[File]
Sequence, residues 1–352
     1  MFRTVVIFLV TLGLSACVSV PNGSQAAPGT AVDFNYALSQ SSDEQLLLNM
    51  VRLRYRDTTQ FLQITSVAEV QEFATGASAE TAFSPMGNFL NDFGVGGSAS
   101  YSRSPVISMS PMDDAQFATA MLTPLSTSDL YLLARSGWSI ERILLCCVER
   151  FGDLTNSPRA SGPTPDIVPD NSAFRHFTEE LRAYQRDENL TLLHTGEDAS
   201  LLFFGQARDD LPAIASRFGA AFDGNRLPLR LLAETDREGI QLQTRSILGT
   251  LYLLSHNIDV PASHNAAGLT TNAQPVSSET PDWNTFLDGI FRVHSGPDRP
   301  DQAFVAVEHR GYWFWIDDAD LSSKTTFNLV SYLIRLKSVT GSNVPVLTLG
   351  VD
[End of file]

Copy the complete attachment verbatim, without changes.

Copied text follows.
Sequence, residues 1–352
     1  MFRTVVIFLV TLGLSACVSV PNGSQAAPGT AVDFNYALSQ SSDEQLLLNM
    51  VRLRYRDTTQ FLQITSVAEV QEFATGASAE TAFSPMGNFL NDFGVGGSAS
   101  YSRSPVISMS PMDDAQFATA MLTPLSTSDL YLLARSGWSI ERILLCCVER
   151  FGDLTNSPRA SGPTPDIVPD NSAFRHFTEE LRAYQRDENL TLLHTGEDAS
   201  LLFFGQARDD LPAIASRFGA AFDGNRLPLR LLAETDREGI QLQTRSILGT
   251  LYLLSHNIDV PASHNAAGLT TNAQPVSSET PDWNTFLDGI FRVHSGPDRP
   301  DQAFVAVEHR GYWFWIDDAD LSSKTTFNLV SYLIRLKSVT GSNVPVLTLG
   351  VD